Disapproval of Peppa Pig tattoos signals Chinese cultural divide

Communist Party sees body art as out of kilter with its moral socialist ideology

There are deep cultural reasons why tattoos were frowned upon for so long in China because until the Qing dynasty, which ended in 1911, tattoos were used as a form of punishment

There are deep cultural reasons why tattoos were frowned upon for so long in China because until the Qing dynasty, which ended in 1911, tattoos were used as a form of punishment

 

When imagining a subversive gangster counterculture that has angered the ruling Communist Party, Peppa Pig is not the first character that springs to mind, but the beloved animated piglet has unwittingly done just that in China.

Youngsters began getting tattoos of Peppa following a series of memes and videos portraying the cartoon swine as a “shehuiren”, a Chinese slang term for a gang member.

The message on China’s buzzing social media was: “Get your Peppa Pig tatt(oo), shout out to your frat!” which clashes drastically with the Communist Party’s anti-tattoo message, which sees body art as out of kilter with its message of wholesome and moral socialist ideology.

In January, Gao Changli, head of the publicity department of the state broadcasting watchdog, issued a list of undesirable elements that included actors with tattoos, as well as hip-hop stars and other proponents of “demotivational culture”.

Even a cursory glance around a downtown Beijing gym the other day showed that a key support for the Communist Party, the rising middle class, certainly does not share the leadership’s view that tattoos are a sign of depravity and decadence. Every person had some form of body art.

Attitudes to tattoos have become emblematic of a growing divide between the party’s inherent conservatism, combined with President Xi Jinpings’ call for a return to traditional socialist values, and the rising individualism and desire for self-expression among the ascendant middle classes.

It’s similar to the way values changed in the US in the 1950s or Ireland in the 1990s.

In March this year the Chinese football association issued an order saying that national team players were not allowed to display their tattoos during international games “in order to introduce a healthy culture and positive energy”. Players covered their tattoos but the fans, well used to the sight of heavily inked footballers, were scornful.

Censorship

This same attitude towards decadence led to censorship in China of Ireland’s Eurovision entry by Ryan O’Shaughnessy, but another song censored was the Albanian entry Mall as the singer Eugene Bushpepa and his guitarist both sported visible tattoos.

One young Beijing mother, Julia Chou, has seven tattoos, including a dragon, a cat, a fish, and a heart.

“I just really like tattoos, and most of them have a meaning. I probably regret the dragon on my leg a little bit as the fashion has changed, and my views on beauty have changed. I think I’ll get more, even though I have a baby now,” Chou told The Irish Times.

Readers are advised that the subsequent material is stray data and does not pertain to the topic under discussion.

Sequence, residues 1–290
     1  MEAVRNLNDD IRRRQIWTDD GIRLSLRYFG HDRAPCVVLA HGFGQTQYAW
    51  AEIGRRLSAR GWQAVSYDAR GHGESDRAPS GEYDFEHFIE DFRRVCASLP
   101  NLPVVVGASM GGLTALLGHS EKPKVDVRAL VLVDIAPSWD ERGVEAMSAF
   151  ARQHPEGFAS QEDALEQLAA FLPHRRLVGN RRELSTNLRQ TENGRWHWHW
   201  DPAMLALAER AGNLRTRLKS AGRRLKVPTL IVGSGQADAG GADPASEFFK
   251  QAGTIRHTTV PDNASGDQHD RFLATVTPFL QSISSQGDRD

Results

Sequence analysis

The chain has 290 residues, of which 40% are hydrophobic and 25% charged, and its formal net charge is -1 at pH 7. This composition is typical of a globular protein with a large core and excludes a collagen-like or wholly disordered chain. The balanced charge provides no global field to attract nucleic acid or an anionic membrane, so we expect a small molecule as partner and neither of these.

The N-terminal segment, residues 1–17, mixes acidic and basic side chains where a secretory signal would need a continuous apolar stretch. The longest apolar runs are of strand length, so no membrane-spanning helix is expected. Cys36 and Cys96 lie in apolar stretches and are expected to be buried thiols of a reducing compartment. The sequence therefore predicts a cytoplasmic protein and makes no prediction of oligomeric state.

Diaojun, a tattoo artist from Harbin in Heilongjiang province, has been in the business for 20 years, and most of his customers are in the 30 to 45 age group.

“It is very difficult to say about what patterns are most popular. Tattooing is an art. There are different types of art and it’s the same with tattoos. One form of art is on paper and one is on our body,” said Diaojun.

The practice is definitely getting more popular, especially among women and his customers, include civil servants and soldiers.“The government didn’t ban tattoos,” said Diaojun.

There are deep cultural reasons why tattoos were frowned upon for so long in China because until the Qing dynasty, which ended in 1911, tattoos were used as a form of punishment. Thieves would have their crime tattooed on their face before being dispatched into the wilderness.

There are also strong historical links between tattoos and organised crime, similar to the Yakuza in Japan. One tattoo artist said that during the early years of the century, many of his customers were gang members with a strong interest in dragons, tigers or snakes, with the inkwork covering an entire arm or the back.

Tattooing also runs contrary to Confucian notions of filial piety, because willingly puncturing the skin is considered transgressive, and until 2014 soldiers were forbidden from having tattoos.

Growing openness

The rise in interest in tattoos followed on from the country’s growing openness to international cultural mores, such as the popularity of footballer David Beckham and basketball star Kobe Bryant.

“We welcome all people over 18, and different shops attract different customers, but people of all ages seem to like them,” said a Shanghai tattoo artist.

While he did not wish to comment on the government order about people with tattoos, he was very insistent that this was not a ban and the practice was still popular. “The ban on the celebrities with tattoos does not really affect normal people.”

Chinese people enjoy tales of foreigners getting nonsensical Chinese characters engraved on their skin – a particular favourite is “xiaojie”, which means the honorific “Miss” but is common parlance for prostitute.

Despite the crackdown on the gangster version of Peppa Pig, the character remains popular, and has been viewed 45 billion times on China’s main video-on-demand platforms.

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